2008-06-29 14:53:26.000 – Lisa Hodges,  Summit Intern

the ladder to the cold room

I like to climb. Trees. Ladders. Rocks. Mountains. I know most kids outgrow this habit, but I haven’t yet. Here at the summit, we are nearly 2000 feet above treeline, so, unfortunately, there are no trees to scale. Even if I walked down to treeline, the tiny Krumholtz that grow up here are shorter than I am, so I would not be able to climb any trees until well below 4000 feet. Fortunately, at the summit, there are plenty of ladders and rocks to climb. If you have ever visited the observatory, you know that to ascend the tower, you must brave the heights of three steep red metal ladders. The tower is home to our collection of wind instruments and the farthest views in New England. I jump at any opportunity to run up and down the tower, putting up or taking down instruments as inclement weather moves around the summit, simply for the thrill of being at the highest point in New England. The top of our tower also boasts a second summit marker, since it is higher than the actual summit of Mt. Washington. Yesterday, as Jeff, Steve, and Dennis were installing a METEK sonic anemometer on the roof of the stage office across the summit, I insisted on joining them for the rush of climbing another ladder and being fifteen feet in the air. n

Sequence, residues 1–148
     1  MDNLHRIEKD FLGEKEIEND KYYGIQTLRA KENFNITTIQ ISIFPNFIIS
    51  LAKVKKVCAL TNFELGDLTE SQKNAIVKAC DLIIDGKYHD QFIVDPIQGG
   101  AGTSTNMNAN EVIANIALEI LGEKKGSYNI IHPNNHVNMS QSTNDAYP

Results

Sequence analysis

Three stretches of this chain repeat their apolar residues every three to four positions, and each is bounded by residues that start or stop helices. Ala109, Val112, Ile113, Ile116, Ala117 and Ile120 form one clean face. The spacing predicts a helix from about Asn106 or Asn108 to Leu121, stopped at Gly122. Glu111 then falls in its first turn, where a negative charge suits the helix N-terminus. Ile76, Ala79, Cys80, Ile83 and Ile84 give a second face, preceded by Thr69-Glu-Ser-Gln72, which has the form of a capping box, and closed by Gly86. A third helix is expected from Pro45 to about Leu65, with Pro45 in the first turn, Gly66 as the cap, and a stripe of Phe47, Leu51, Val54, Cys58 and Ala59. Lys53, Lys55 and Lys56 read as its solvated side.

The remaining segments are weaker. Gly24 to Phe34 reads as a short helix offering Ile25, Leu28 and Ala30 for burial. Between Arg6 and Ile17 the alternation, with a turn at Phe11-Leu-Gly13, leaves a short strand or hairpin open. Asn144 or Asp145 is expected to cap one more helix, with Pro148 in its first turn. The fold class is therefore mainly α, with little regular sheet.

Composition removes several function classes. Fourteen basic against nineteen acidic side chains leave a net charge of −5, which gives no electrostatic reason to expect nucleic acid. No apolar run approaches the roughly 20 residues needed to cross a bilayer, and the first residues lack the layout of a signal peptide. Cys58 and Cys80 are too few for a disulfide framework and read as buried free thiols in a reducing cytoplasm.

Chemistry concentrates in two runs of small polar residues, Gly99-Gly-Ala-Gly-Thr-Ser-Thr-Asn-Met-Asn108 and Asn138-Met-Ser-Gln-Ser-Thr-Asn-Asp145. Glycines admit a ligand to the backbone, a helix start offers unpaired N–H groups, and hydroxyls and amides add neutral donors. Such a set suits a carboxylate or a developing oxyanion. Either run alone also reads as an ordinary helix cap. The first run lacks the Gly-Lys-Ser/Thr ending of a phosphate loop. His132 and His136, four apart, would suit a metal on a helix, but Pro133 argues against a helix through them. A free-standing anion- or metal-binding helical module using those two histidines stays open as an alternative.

nEven hiking from the summit is a climbing adventure, since hiking here is more like rock-hopping than going for a walk. The White Mountains were formed as glaciers receded after the last ice age. As a result, lots of big boulders remain as what’s called glacial erratic: huge boulders stranded alone on mountain sides. When walking around the summit on some of the many trails that meet here, one often ends up climbing up some of the bigger ones. They certainly add to the adventure of climbing Mount Washington.n

nWhenever we have been mostly in the fog, as we have this shift, the time after we break out of the fog is usually full of excitement. We have been in the fog since yesterday morning, but a few hours ago, the fog finally broke, much to the excitement of the tourists who chose today to venture up to the summit. As the fog cleared at 11:30, we all rushed up to the observation deck to soak in a few rays and check out the clouds that we were no longer inside of. Stacey emerged carrying a kite from some undisclosed location, and we spent today’s brief moments in the clear trying to fly a kite. Being inside the clouds makes us appreciate the sunshine minutes a lot. So for now, I’m off to Lakes to get some fresh air before we go back into the clouds.


Lisa Hodges,  Summit Intern

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